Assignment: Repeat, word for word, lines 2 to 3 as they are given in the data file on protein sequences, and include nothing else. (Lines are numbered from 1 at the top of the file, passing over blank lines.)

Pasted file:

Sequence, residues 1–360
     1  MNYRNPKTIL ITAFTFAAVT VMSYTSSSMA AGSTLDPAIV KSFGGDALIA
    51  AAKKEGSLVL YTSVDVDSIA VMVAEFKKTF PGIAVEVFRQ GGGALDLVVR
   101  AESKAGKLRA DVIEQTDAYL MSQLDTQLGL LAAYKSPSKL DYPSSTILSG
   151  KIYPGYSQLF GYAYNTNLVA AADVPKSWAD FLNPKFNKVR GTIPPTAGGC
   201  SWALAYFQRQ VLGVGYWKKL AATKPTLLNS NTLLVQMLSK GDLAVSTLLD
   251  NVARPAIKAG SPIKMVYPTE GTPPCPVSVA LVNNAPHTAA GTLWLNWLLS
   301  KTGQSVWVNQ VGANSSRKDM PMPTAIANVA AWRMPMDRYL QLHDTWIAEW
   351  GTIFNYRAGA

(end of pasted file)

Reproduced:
     1  MNYRNPKTIL ITAFTFAAVT VMSYTSSSMA AGSTLDPAIV KSFGGDALIA
    51  AAKKEGSLVL YTSVDVDSIA VMVAEFKKTF PGIAVEVFRQ GGGALDLVVR